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Study to determine source of excess nitrogen in Conn. River

  • Commissioner of the Department of Environmental Protection Martin Suuberg, Secretary of Energy and Environmental Affairs Matt Beaton and Jonathan Morrison of the US Geological Survey speak at the water sampling site off Old Bernardston Road at the Connecticut River in Northfield on Tuesday. June 19, 2018 Recorder Staff/Paul Franz—PAUL FRANZ

  • US Geological Survey employee Patrick McNamara launches a remote control “Q Boat” that measures water depth and velocity at the water sampling site off Old Bernardston Road at the Connecticut River in Northfield on Tuesday. June 19, 2018 Recorder Staff/Paul Franz—PAUL FRANZ

  • A remote control “Q Boat” motors back and forth across the Connecticut River measuring water depth and velocity at the water sampling site off Old Bernardston Road at the Connecticut River in Northfield on Tuesday. June 19, 2018 Recorder Staff/Paul Franz—

  • US Geological Survey staff take water samples at various depths of the Connecticut River in Northfield on Tuesday. June 19, 2018 Recorder Staff/Paul Franz—PAUL FRANZ

  • US Geological Survey staff take water samples at various depths of the Connecticut River in Northfield on Tuesday. June 19, 2018 Recorder Staff/Paul Franz—



Recorder Staff
Tuesday, June 19, 2018

NORTHFIELD — Fish populations in the Long Island Sound are decreasing because there’s too much nitrogen in the Connecticut River. A study now going on partly in town will help determine how much of the excess nitrogen is coming from Massachusetts.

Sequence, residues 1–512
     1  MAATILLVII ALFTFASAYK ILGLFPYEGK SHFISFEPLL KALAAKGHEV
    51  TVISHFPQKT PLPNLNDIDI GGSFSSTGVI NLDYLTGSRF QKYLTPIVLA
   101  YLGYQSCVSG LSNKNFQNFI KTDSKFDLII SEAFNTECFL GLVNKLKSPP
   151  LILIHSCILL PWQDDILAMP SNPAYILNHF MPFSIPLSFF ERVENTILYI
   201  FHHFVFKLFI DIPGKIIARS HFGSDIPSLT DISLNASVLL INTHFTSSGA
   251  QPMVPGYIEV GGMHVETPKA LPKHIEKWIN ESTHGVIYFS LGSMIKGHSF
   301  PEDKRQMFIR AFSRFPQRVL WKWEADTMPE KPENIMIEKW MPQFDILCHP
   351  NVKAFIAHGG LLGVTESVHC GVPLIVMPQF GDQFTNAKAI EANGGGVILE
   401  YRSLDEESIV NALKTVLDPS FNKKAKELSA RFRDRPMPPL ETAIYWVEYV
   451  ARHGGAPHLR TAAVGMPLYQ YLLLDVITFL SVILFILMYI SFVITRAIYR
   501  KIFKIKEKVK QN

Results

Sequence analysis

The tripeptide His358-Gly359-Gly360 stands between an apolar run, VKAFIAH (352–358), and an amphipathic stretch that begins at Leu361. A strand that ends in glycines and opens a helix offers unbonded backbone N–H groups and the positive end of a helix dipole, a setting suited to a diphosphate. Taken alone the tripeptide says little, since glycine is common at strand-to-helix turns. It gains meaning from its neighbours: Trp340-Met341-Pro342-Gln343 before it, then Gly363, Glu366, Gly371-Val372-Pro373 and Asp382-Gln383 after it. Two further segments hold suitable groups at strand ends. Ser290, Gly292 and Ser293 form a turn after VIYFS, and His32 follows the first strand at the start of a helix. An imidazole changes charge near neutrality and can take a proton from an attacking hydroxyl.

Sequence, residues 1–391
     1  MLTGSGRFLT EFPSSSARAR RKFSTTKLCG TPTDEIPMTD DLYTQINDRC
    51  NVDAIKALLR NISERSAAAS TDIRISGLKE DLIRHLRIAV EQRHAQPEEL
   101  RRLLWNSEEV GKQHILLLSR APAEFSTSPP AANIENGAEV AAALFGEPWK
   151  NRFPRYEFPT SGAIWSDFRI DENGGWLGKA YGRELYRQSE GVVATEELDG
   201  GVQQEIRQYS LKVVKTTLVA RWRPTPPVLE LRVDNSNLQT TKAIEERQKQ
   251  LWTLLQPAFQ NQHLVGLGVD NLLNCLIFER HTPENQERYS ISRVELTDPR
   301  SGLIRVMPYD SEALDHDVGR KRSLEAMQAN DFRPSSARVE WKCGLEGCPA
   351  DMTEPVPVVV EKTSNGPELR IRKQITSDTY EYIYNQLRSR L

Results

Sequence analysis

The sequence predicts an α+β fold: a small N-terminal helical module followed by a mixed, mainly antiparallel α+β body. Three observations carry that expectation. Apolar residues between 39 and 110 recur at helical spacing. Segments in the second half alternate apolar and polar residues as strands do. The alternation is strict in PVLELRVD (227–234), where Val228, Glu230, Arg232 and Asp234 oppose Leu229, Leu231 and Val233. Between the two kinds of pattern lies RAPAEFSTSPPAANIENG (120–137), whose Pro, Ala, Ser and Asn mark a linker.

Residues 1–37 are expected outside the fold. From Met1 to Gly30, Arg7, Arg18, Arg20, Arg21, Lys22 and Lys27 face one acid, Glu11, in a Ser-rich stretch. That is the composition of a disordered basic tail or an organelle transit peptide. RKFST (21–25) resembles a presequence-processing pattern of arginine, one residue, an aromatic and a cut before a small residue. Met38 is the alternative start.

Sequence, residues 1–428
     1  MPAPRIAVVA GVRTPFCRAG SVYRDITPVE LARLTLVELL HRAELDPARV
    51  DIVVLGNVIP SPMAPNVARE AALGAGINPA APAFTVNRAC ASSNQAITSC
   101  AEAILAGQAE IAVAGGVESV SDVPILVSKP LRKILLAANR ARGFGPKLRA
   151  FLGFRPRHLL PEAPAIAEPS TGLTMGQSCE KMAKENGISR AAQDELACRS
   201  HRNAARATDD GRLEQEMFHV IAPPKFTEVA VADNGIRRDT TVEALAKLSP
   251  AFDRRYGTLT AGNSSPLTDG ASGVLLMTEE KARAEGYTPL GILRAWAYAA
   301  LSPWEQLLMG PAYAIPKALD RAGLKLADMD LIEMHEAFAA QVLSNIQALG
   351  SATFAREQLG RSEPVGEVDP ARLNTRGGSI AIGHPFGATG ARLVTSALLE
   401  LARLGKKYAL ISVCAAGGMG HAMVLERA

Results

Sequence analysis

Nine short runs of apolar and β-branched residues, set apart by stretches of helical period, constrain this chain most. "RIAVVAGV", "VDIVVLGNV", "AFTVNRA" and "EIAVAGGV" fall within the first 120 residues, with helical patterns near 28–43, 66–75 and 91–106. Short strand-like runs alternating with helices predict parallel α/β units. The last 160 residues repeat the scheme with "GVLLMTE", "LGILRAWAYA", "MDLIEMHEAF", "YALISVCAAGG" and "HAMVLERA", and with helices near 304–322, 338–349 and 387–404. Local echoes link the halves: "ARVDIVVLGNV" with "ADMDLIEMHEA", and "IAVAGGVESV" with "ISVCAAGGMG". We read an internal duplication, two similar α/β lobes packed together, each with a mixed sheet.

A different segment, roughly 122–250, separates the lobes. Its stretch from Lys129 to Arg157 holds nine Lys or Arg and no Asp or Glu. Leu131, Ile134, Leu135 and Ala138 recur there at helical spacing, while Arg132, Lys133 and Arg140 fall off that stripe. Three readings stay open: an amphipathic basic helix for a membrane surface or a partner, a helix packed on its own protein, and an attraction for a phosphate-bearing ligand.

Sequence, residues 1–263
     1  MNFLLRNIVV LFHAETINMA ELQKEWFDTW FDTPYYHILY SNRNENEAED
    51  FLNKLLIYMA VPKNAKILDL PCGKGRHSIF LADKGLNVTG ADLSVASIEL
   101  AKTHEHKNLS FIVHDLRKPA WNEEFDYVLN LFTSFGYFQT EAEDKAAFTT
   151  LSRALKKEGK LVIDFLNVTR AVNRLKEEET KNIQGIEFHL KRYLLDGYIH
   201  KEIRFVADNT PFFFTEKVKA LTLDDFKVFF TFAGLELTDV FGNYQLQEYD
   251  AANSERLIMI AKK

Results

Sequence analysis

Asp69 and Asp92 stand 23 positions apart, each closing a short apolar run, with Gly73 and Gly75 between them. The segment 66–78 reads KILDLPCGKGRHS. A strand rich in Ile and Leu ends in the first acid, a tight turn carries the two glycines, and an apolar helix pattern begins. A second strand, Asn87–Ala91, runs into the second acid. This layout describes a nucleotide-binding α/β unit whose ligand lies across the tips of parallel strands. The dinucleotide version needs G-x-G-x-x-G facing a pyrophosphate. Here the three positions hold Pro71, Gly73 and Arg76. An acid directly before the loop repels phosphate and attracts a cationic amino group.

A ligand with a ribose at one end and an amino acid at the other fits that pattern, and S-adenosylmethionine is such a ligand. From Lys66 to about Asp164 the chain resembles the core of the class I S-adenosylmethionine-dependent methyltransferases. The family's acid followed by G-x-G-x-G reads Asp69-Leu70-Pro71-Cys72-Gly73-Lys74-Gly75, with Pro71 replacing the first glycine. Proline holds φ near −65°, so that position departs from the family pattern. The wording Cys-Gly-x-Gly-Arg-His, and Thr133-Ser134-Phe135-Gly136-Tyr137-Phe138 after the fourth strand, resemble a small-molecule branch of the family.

The connection between nitrogen in the Connecticut River and the fish life of the Long Island Sound is that nitrogen is a food source for certain kinds of algae. When the Connecticut River empties into the Long Island Sound, the nitrogen piles up for algae to feed on. When the algae die, they fall to the bottom of the water where they decay, a process that consumes oxygen. This leaves less oxygen in the water for other kinds of life, especially in the deeper waters.

A lot of the nitrogen leaking into the river probably comes from wastewater treatment plants that are situated within the river’s watershed. Smaller amounts probably come from farms and homes. But because the Connecticut River runs through Vermont, New Hampshire, Massachusetts and Connecticut, it is difficult to determine how much of the nitrogen in the Long Island Sound is coming from where.

This study, which is being run jointly by the Springfield Water and Sewer Commission, the U.S. Geological Survey and the Mass. Department of Environmental Protection, is trying to obtain that data. Since October, scientists from the Geological Survey have been taking water samples from the Connecticut River in Northfield weekly whenever the river isn’t frozen. By comparing water samples from Northfield — where the Connecticut River crosses Massachusetts’s northern border — to samples taken in Thompsonville, Conn., — where the river passes Massachusetts’ southern border — they can determine how much the water changes as it passes through Massachusetts. There are similar setups for the other three states that the river passes through.

The state will use this data to determine whether investments in nitrogen removal programs for wastewater treatment plants would be worthwhile. The study will continue until September, but the three groups funding it may choose to extend it for up to three years after that.

Contact Max Marcus at mmarcus@recorder.com or 413-772-0261, ext. 261